Lets see how this works using the script we’ve written for Nmap:

#nmap -p443 1.2.3.4 —-script http-ntlm-info

Nmap scan report for 1.2.3.4
Host is up (0.040s latency).
PORT STATE SERVICE VERSION
443/tcp open https
| http-ntlm-info:
|  Target_Name: ACTIVEWEB
|  NetBIOS_Domain_Name: ACTIVEWEB
|  NetBIOS_Computer_Name: PRODWEB001
|  DNS_Domain_Name: activeweb.somedomain.com
|  DNS_Computer_Name: prodweb001.activeweb.somedomain.com
|  DNS_Tree_Name: activeweb.somedomain.com
|_ Product_Version: 5.2 (Build 3790)

Service Info: OS: Windows; CPE: cpe:/o:microsoft:windows

Since this script is considered default/safe, it will also run automatically when the ‘-sC’ or ‘-A’ flags are utilized.

During penetration testing such configurations are often encountered, and unfortunately are often passed over by many due to a lack of understanding the protocol and the type of information that can be anonymously enumerated. So how common are such web server configurations? Utilizing Shodan, below quantifies the number of internet facing web servers supporting NTLM authentication over HTTP and HTTPS:

Web Server Type HTTP HTTPS
Microsoft-IIS/5.0 (Windows 2000 Server) 4,342 1,067
Microsoft-IIS/5.1 (Windows XP) 1,945 151
Microsoft-IIS/6.0 (Windows Server 2003) 70,784 42,768
Microsoft-IIS/7.0 (Windows Server 2008) 13,790 8,241
Microsoft-IIS/7.5 (Windows Server 2008 R2) 47,235 34,493
Microsoft-IIS/8.0 (Windows Server 2012) 6,934 2,591
Microsoft-IIS/8.5 (Windows Server 2012 R2) 883 533
Microsoft Other (e.g. WinCE, etc.) 1,352 28
Unknown & Open Source Implementations 3,438 2,111
Total 150,703 91,983

*Note, does not account for hosts with both anonyous and NTLM authentication enabled

Currently, outside of disabling NTLM authentication over HTTP, there is no method to mitigate leaking such information under Microsoft IIS — all versions are affected by design.

This script, ‘http-ntlm-info’, has been tested against all current/past Microsoft IIS versions and open source HTTP NTLM implementations. It can be obtained here or via the current Nmap Subversion repository (r32706 or higher).

Note: If adding the script manually, the ‘nmap —script-updatedb’ command will need to be issued (as root/admin) to update the local script database.

Wednesday
Dec112013

Web-based Single Sign-On and the Dangers of SAML XML Parsing

Security Assertion Markup Language (SAML) is a popular XML-based open standard for exchanging authentication and authorization data between two systems.  In the world of enterprise cloud applications, SAML is one of the most common protocols for implementing single sign-on between enterprise customers and cloud service providers. While implementing SAML authentication for our SendSafely secure file exchange solution, we encounted some security concerns with one of the more popular open source libraries for parsing SAML requests.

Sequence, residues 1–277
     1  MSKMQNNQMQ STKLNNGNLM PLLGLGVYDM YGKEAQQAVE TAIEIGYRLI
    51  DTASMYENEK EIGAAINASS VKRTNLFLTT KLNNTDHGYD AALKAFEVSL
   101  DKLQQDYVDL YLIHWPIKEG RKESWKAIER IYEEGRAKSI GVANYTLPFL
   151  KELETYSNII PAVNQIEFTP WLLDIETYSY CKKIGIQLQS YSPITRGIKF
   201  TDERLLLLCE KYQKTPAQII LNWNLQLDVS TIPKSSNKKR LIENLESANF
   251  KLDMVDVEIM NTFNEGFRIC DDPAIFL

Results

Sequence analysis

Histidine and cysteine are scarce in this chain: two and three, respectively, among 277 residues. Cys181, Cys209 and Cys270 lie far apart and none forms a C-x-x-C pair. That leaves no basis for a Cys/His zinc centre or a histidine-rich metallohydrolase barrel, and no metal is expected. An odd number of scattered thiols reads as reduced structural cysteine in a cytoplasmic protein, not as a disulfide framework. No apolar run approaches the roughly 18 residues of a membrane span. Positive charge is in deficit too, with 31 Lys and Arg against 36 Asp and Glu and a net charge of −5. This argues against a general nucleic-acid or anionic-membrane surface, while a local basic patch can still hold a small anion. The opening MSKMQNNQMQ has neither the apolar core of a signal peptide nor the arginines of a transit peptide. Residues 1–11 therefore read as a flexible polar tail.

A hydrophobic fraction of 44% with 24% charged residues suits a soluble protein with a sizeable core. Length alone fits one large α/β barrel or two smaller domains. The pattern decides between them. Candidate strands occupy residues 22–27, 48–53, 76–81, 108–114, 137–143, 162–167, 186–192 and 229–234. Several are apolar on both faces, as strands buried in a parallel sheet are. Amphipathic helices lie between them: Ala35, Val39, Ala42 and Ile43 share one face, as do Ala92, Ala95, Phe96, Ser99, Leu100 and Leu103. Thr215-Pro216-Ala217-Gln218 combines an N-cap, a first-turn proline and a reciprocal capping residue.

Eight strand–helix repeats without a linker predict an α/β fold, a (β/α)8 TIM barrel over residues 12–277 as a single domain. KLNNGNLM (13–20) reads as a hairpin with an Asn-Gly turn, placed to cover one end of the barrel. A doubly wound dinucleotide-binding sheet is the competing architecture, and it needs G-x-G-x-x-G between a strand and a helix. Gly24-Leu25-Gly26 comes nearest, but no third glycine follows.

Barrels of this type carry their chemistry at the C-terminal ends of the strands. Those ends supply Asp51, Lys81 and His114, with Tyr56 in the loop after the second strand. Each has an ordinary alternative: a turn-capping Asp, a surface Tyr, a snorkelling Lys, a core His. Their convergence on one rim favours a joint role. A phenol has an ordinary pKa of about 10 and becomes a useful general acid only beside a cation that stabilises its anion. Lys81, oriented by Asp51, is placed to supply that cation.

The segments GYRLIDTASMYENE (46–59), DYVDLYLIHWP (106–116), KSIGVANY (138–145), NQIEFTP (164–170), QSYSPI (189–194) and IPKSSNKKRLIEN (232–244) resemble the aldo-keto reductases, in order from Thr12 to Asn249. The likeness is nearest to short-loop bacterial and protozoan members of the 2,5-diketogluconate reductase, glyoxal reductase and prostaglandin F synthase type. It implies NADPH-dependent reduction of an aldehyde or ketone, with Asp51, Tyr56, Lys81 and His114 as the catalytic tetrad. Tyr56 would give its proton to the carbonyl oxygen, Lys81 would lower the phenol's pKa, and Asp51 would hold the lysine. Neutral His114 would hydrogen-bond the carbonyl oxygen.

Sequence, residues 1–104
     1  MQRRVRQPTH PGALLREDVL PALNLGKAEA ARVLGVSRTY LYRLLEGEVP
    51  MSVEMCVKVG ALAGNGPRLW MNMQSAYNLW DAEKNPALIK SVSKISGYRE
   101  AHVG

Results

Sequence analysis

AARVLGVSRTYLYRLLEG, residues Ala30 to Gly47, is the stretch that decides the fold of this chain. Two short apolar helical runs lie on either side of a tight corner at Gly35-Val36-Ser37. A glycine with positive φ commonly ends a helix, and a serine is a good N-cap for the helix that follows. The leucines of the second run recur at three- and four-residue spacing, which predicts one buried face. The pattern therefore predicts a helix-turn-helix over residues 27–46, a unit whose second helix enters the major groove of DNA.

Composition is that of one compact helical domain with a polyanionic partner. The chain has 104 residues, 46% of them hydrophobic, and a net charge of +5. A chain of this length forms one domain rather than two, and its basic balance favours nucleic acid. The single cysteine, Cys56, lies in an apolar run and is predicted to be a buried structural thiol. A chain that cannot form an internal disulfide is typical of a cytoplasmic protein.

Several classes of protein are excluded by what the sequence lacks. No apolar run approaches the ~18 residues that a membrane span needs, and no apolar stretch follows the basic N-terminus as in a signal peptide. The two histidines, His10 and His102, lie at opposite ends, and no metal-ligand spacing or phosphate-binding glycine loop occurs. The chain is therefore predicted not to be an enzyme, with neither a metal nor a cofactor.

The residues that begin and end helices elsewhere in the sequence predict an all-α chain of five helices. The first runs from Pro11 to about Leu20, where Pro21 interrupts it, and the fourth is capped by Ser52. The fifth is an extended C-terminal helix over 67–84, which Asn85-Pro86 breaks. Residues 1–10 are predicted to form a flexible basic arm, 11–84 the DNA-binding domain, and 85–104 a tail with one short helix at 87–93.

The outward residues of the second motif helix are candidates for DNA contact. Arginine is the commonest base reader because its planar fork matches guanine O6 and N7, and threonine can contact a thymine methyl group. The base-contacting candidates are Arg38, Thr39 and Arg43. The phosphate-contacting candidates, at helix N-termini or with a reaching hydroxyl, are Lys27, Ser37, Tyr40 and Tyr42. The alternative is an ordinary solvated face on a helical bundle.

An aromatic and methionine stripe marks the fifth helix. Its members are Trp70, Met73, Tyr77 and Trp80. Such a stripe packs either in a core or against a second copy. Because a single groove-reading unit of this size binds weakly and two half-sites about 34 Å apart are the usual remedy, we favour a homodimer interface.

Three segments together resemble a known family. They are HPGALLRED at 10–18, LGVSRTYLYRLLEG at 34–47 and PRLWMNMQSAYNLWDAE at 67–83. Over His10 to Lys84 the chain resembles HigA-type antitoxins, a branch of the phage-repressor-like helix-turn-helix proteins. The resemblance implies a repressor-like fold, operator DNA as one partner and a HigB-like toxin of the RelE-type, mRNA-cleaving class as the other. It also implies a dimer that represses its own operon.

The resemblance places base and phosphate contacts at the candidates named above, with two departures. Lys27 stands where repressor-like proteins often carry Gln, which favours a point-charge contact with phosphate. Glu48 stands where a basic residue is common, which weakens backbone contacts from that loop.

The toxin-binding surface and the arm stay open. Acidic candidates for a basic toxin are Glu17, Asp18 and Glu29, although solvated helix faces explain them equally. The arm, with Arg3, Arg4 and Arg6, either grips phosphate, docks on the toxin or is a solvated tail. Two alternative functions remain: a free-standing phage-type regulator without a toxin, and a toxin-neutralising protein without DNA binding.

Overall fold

Check out our latest post over at the Send Safely Blog for the complete details. This post should be a must read for any organization that is handling SAML request data. 

Monday
Dec022013

Building Fortify Custom Rules for Spring MVC

Looking for a Fortify rule that combines the power of structural rules with dataflow analysis capabilities? The (currently not well documented) CharacterizationRule is an awesome type of rule that will let you go beyond the restrictions of traditional dataflow analysis rules by allowing you to define dataflow parsing instructions based upon a code structural match.

Here’s an example of a rule, used against a Java Spring controller class, that will identify tainted data from parameters mapped using Spring specific annotations. This can be used to identify XSS flaws using static analysis that were only previously identified through dynamic testing.

<CharacterizationRule formatVersion="3.17" language="java">
    <RuleID>34711D7A-C2BC-40B3-B1DE-B5C48EF65646</RuleID>
    <StructuralMatch><![CDATA[
        Function f: f.parameters contains [Variable v: v.annotations[0].type.name matches "org.springframework.web.bind.annotation.RequestParam" ]
    ]]>
    </StructuralMatch>
    <Definition><![CDATA[
        TaintEntrypoint(v, {+XSS})
    ]]></Definition>
</CharacterizationRule>

Used on a class similar to the following, this would essentially add the taint flag ‘XSS’ to any parameters specified with the @RequestParam mapping annotation (fully qualified class names being required) contained within the query string of the requested controller.

@Controller

@RequestMapping(value = "/url")

public class PageController  {

@RequestMapping(value = "/action", method = RequestMethod.GET)

public String action(@RequestParam(value = "q", required = false) final String parameter )  {
...
}
}

As mentioned earlier, this type of rule is currently not fully documented but some syntax guidance is available within Fortify SCA’s structural type system documentation. You can also leverage the Fortify custom rule editor to benefit from syntax completion and XML structure validation.

Tuesday
Nov262013

Pushing CSP to Prod Slides From Appsec USA

Note: This post has been crossposted from the SendSafely blog. You can find the original post at http://blog.sendsafely.com/post/68106453098/slides-from-owasp-appsec-usa.  

In case you missed the presentation by SendSafely’s Brian Holyfield and Erik Larsson at OWASP AppSec USA, we’ve posted a copy of the deck in our GitHub repository.  Brian and Erik discussed some of the challenges we faced here at SendSafely when implementing Content Security Policy (CSP) on our site.  There will also be a video recording of the talk posted in the AppSec 2013 YouTube Channel.

Thanks again to everyone that came out to the conference and especially those that came by our booth to say hi. We hope you all had as much fun as we did!